The fear of the LORD is the beginning of knowledge; Fools despise wisdom and instruction. (Proverbs 1:7)

These examples from Scripture all have in common a stubborn rebellion against God, which is not what Jesus is referring to. For a man to call another man "you fool" is in a sense to put himself in the place of God. Jesus is specifically speaking against the deliberate belittling of someone's person because of the animosity and hatred of our own heart. That He says is as if we had murdered them!

Have you ever been guilty of "murder"?

If we are honest, most of would have to say we are guilty of his crime against our fellow man. Jesus' words give us pause to consider carefully what we speak with our tongues. Our words are generally an accurate barometer of our true spiritual condition. What is your "barometric reading" beloved? It follows that it is of little surprise that the  New Testament repeatedly  presents such clear teaching regarding the danger of the tongue...

"You brood of vipers, how can you, being evil, speak what is good? For the mouth speaks out of that which fills the heart. The good man out of his good treasure brings forth what is good; and the evil man out of his evil treasure brings forth what is evil.  And I say to you, that every careless (literally "not working" - describes a  word that produces no good effect, and is not calculated to produce any) word that men shall speak, they shall render account for it in the day of judgment. For by your words you shall be justified, and by your words you shall be condemned." (Mt 12:34-37)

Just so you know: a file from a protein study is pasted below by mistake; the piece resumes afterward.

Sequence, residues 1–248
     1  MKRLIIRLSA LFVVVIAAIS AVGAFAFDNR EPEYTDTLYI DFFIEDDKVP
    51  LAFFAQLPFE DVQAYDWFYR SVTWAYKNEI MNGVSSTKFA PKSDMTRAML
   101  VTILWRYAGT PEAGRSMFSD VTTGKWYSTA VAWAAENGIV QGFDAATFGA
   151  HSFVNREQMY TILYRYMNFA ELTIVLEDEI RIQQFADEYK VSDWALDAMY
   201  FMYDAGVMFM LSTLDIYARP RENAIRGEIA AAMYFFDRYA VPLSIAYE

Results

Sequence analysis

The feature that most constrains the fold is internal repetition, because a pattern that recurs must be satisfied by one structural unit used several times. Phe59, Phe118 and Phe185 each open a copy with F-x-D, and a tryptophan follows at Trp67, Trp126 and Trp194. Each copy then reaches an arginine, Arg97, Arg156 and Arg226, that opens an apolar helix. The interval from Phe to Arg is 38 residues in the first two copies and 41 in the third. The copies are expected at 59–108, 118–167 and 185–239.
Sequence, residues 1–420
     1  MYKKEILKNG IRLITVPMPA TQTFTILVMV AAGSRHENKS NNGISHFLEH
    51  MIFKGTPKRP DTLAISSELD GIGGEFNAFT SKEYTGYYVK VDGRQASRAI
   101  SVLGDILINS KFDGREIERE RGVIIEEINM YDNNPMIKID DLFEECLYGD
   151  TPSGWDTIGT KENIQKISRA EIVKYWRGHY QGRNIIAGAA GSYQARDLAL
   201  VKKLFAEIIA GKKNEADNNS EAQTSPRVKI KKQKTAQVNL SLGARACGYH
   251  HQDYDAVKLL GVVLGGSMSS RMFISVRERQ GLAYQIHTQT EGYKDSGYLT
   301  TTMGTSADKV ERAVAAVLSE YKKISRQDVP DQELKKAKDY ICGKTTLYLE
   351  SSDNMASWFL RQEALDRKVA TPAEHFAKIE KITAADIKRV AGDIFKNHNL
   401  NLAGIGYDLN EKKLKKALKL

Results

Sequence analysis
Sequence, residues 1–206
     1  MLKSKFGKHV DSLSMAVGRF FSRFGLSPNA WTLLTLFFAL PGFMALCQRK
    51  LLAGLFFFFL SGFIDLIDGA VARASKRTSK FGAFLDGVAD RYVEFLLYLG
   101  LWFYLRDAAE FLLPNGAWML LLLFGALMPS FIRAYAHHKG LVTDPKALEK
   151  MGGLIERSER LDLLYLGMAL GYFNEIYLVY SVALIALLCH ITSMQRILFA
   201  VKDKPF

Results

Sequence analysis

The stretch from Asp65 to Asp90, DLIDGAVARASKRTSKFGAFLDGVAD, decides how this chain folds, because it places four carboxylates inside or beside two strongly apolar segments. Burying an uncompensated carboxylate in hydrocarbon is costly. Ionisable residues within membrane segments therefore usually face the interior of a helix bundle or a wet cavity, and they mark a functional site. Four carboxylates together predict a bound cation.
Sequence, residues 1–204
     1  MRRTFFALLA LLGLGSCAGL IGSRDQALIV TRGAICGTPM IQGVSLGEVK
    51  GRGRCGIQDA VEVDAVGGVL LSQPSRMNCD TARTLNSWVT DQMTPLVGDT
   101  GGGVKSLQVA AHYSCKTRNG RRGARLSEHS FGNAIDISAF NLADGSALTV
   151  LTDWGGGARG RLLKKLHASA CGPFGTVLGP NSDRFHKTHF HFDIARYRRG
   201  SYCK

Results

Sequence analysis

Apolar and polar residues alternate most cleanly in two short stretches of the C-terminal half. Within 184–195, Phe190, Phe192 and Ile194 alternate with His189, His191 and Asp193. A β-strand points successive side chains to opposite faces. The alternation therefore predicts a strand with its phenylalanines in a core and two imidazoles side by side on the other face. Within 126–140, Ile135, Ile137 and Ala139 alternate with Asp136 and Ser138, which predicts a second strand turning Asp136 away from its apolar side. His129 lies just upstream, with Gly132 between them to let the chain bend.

"Do you not understand that everything that goes into the mouth passes into the stomach, and is eliminated?  "But the things that proceed out of the mouth come from the heart, and those defile the man.  For out of the heart come evil thoughts, murders, adulteries, fornications, thefts, false witness, slanders. These are the things which defile the man; but to eat with unwashed hands does not defile the man." (see notes Matthew 5:17; 5:18; 5:19; 5:20)

BE ANGRY, AND YET DO NOT SIN; do not let the sun go down on your anger, and do not give the devil an opportunity... Let no unwholesome word proceed from your mouth, but only such a word as is good for edification according to the need of the moment, that it may give grace to those who hear. And do not grieve the Holy Spirit of God, by whom you were sealed for the day of redemption. (see notes Ephesians 4:27; 4:29; 4:30)

The International Standard Bible Encyclopedia has an interesting entry which says in part that Raca...

is generally explained as expressing contempt for a man's intellectual capacity (= "you simpleton!"), while more (translated "thou fool"), in the same verse is taken to refer to a man's moral and religious character (= "you rascal!" "you impious fellow!"). Thus we have three stages of anger, with three corresponding grades of punishment:

(1) the inner feeling of anger (orgizo), to be punished by the local or provincial court ("the judgment");

(2) anger breaking forth into an expression of scorn (Raca), to be punished by the Sanhedrin ("the council");